Available from our Warehouse (Not in store currently)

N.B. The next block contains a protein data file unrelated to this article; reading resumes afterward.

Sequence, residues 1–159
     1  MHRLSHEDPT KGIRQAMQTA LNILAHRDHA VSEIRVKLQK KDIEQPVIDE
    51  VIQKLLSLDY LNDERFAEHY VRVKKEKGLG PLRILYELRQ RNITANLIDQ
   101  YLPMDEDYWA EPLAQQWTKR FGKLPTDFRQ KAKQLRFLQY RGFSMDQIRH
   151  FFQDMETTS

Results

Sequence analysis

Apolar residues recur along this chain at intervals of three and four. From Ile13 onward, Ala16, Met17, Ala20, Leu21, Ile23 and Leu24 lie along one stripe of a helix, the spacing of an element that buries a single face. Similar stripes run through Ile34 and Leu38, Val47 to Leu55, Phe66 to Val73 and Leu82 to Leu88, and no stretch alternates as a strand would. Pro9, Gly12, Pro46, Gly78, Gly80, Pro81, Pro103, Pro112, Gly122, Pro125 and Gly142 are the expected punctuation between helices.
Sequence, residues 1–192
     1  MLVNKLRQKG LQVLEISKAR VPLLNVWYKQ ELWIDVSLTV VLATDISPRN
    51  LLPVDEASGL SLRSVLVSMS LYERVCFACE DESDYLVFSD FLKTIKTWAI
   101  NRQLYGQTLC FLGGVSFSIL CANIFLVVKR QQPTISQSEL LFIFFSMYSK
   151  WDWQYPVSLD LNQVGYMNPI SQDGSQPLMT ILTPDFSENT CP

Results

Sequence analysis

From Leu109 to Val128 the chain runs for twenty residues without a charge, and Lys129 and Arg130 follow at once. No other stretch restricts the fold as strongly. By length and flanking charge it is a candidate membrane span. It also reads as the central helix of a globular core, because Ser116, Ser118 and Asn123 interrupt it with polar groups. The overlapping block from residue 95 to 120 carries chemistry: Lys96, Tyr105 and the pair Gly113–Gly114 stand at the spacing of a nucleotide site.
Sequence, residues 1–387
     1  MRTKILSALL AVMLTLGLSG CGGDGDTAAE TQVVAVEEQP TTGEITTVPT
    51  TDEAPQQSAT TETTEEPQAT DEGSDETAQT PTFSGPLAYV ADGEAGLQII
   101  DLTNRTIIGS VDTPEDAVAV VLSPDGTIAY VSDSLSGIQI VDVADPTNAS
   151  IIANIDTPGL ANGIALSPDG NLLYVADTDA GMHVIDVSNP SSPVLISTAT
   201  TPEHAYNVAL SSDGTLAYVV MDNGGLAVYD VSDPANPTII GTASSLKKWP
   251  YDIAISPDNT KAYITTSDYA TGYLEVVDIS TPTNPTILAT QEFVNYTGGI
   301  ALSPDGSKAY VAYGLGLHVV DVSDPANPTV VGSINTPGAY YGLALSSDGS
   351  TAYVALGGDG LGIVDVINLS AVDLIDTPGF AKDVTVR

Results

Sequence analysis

A newly identified medieval play for the Feast of Fools, with a new English translation and musical edition ready for performance. Scholars and non-scholars alike have long been fascinated by the medieval "Feast of Fools", the annual celebration on or around the New Year that came to be known for its inversion of established hierarchies, its boisterousness, and its scurrilous, even sacrilegious, clerical behaviour. However, we now know that many of the most obscene and subversive practices associated with the feast were, in fact, the misunderstandings, exaggerations, or even fabrications of overzealous ecclesiastical reformers. Our most reliable information about the Feast comes from the scant extant liturgical items that clerical communities actually used during their celebrations. This book shows that the twelfth-century Ordo Joseph from Laon, in France - a play long-known to scholars, telling the story of Joseph the patriarch and his brothers -- is in fact a drama for the Feast of Fools, long hidden in plain sight, intended for performance at Epiphany. It situates the play within the context of the cathedral community's history of biblical exegesis under its school-master Anselm of Laon, proposing "performative gloss" as an important new tool for understanding how medieval liturgical dramas generated meaning. It Includes a new Latin edition of the text, accompanied by an English translation, as well as a musical reconstruction that harnesses the music of Laon's liturgy and finally makes possible a performance of this spectacular, newly identified Feast of Fools drama.